Monitoring phase: This is where the algorithm periodically monitors the process and looks for changes in the process signature. Once it detects and verifies a change in the process conditions, the pressure transmitter sets its alert bit to inform the operator, because the plugging could cause a major process upset.
Traditionally, fault detection has been part of the control system, where analysis occurs by using the data collected by process historians. There are various reasons for this implementation choice; most important is that the field devices could not handle the tasks required of fault-detection methodologies. This is mainly due to the limited firmware capability of the older technologies. However, with the help of the advanced silicon technology and with the digital fieldbus technologies, today's smart transmitters are capable of providing more information regarding the process and its conditions in addition to traditional process variable information.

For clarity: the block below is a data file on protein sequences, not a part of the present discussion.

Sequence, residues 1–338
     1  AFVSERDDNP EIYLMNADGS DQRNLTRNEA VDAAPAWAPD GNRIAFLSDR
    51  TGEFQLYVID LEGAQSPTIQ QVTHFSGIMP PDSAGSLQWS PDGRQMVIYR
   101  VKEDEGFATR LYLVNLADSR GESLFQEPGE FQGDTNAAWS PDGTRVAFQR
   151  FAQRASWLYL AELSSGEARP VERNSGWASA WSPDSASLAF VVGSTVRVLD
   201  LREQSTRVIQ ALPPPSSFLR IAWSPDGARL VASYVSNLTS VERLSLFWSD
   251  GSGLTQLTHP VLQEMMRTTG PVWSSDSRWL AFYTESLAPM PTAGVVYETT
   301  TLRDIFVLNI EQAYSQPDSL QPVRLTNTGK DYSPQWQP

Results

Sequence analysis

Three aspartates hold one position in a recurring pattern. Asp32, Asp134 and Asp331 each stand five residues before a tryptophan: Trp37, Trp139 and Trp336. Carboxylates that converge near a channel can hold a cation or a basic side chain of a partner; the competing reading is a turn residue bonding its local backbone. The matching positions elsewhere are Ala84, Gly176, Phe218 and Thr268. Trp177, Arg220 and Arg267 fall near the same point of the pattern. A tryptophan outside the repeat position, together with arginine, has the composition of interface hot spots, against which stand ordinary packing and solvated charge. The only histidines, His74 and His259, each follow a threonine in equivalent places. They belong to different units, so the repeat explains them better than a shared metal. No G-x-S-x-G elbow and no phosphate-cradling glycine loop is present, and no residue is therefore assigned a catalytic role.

One can group process anomalies into five categories, and these are common for all sensor types and processes: pressure, temperature, flow, level, and others. Using advanced pattern recognition and statistical analysis methods, fieldbus transmitters and smart valves can now detect drift, bias, noise, spike, and stuck behaviors of each process.
The following were the focus of the field trials: Loss of a reliable signal due to a plugged pressure tap caused by the catalyst restricting the outlet; plugged restriction orifice or filter resulting in diminished purge flow and possible loss in the signal sensitivity; and circulation problems of the FCC unit caused by stick-slip flow condition.
The testing on the unit was broken into two days. On day one the plugged tap and loss of purge scenarios underwent testing, and on day two officials tested a circulation problem. Prior to starting the test officials calibrated each instrument to establish new baseline values for the diagnostics analysis, and plugged line diagnostics and statistical process monitoring (SPM) features of the transmitters started to learn the process and establish baseline patterns. The pressure transmitter successfully detected every test scenario.